There has been a confusion on the ground in Karnataka regarding migrant crisis.
The sense of desperation among migrant workers across India - stranded amid the world's strictest lockdown - has become even more evident after the state governments started the process of allowing them to go home after weeks of shutdown.
On Monday, thousands of migrants in Karnataka from Bihar and Uttar Pradesh protested on Tumakuru Road on the outskirts of Bengaluru city and sought transport facilities for return to their hometowns. One of the workers said, "They told us they would take us home and brought us here. They cheated us. Is this fair? "
Things calmed down only after city police commissioner - Bhaskar Rao - went to the protest site and spoke to the workers in Hindi. "If there is a train now I will send you. But we need permission from there too," he told them. Karnataka Revenue Minister R Ashok also met the protesters.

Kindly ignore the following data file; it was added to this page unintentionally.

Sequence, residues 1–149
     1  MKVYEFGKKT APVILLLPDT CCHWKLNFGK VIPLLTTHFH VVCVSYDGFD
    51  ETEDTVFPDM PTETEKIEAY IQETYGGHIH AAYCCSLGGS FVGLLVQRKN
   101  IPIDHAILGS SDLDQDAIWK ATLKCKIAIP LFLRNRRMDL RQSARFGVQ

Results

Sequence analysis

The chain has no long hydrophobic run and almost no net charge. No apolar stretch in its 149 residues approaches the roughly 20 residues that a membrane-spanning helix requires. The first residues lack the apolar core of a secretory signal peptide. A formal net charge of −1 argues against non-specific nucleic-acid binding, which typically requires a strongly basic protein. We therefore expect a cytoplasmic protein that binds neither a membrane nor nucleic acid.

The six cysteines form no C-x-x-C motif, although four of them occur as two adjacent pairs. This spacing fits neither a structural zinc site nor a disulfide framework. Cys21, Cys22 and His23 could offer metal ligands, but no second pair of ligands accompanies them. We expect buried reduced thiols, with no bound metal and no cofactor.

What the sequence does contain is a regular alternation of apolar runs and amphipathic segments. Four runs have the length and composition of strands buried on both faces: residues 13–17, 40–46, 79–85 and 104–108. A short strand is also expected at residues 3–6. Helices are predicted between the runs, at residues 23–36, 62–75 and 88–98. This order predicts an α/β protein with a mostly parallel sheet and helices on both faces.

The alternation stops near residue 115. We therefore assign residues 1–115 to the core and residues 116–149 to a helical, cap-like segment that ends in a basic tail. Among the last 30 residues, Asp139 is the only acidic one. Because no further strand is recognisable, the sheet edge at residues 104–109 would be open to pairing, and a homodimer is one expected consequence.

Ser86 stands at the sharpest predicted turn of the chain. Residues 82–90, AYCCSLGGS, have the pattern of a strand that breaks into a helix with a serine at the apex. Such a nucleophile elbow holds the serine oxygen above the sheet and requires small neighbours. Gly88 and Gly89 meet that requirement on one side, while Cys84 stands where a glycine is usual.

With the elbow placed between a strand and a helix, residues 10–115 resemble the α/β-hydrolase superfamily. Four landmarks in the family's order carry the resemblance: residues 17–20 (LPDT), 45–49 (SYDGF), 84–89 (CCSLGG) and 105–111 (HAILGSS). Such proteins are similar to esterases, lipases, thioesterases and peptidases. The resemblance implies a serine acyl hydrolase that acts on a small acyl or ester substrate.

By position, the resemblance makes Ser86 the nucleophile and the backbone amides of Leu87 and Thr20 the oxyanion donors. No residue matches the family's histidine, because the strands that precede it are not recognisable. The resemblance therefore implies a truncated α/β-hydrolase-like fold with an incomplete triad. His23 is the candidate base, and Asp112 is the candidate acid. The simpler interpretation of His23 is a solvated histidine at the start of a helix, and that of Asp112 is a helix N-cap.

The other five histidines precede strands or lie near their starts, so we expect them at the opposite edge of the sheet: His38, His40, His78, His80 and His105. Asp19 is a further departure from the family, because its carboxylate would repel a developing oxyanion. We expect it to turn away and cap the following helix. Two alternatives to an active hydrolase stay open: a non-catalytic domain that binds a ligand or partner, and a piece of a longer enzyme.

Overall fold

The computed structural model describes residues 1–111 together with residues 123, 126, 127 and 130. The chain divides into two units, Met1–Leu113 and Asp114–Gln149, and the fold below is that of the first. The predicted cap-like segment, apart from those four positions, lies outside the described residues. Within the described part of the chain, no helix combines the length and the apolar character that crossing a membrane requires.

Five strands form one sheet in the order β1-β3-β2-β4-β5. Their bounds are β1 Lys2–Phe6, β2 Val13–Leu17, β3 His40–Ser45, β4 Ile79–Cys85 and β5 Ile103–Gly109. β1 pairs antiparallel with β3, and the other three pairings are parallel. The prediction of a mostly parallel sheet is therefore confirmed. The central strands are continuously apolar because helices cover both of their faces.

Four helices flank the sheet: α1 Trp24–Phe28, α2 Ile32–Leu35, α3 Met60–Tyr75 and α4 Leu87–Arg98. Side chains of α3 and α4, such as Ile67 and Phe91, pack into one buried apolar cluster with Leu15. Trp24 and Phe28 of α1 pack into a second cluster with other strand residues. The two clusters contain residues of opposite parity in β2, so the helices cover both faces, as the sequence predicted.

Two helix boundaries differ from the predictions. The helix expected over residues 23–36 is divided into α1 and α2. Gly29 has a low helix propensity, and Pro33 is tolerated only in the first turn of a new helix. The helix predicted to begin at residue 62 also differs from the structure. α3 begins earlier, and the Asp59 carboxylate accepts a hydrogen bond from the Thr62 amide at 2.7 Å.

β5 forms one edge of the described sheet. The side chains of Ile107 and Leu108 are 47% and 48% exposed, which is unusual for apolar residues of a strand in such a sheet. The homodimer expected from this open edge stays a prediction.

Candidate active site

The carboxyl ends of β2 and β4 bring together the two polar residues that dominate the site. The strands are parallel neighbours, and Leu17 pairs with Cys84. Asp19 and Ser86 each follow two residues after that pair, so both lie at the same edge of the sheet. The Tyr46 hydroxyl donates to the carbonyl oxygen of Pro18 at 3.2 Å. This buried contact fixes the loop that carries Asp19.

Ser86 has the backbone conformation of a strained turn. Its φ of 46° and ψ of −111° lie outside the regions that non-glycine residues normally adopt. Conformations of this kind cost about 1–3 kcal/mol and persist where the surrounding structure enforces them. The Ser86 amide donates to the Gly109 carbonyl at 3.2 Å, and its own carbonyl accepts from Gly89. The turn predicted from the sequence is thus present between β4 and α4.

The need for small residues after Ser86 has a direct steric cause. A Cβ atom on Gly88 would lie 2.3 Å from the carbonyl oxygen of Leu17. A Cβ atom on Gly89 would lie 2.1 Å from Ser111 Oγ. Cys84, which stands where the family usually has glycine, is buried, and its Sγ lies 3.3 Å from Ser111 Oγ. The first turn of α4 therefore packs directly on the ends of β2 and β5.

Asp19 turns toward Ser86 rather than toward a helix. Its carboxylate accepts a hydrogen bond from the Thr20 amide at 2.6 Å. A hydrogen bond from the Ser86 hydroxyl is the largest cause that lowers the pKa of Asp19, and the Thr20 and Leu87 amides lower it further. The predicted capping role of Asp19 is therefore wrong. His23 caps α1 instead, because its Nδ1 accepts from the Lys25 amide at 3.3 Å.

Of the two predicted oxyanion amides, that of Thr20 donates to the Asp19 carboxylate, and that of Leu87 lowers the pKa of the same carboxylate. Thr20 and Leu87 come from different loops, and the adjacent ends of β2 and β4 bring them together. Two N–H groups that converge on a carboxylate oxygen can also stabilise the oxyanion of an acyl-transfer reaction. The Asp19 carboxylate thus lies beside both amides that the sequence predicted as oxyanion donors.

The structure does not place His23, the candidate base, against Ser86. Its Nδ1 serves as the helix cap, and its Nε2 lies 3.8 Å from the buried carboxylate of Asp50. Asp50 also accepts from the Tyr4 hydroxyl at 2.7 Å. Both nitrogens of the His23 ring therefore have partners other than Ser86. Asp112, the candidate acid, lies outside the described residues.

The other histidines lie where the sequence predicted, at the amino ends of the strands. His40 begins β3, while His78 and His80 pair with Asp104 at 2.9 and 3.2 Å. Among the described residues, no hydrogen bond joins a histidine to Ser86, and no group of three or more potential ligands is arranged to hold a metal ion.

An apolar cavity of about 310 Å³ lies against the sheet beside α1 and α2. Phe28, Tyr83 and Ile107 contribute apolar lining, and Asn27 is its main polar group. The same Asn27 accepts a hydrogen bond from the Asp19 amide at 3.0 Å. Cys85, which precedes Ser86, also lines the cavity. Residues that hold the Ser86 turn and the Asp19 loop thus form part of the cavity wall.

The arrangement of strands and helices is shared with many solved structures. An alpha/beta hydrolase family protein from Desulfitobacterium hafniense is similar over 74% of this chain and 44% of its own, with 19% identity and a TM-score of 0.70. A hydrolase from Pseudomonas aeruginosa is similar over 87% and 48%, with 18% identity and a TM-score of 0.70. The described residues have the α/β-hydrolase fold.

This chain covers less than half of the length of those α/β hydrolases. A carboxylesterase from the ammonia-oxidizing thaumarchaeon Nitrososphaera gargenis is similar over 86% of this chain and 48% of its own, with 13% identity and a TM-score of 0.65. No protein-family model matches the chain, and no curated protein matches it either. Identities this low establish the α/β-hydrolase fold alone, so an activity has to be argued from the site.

This morning, officials who met the migrants persuaded some of them to go back to work, now that some construction work has been permitted again. Many do remain at the Exhibition Grounds on Tumakuru Road where they are being provided food.
There has been a confusion on the ground in Karnataka regarding the current plight of lakhs of migrant workers.
At first, bus passengers heading home to other districts in Karnataka were charged by the state bus transport corporation - the Karnataka State Road Transport Corporation or KSRTC.
This prompted the state's Congress unit to hand over a cheque of Rs 1 crore to the KSRTC Managing Director - saying they should not charge migrants.
The state government later said that buses would be provided free until Thursday (May 7), adding that free meals would be provided for the journey.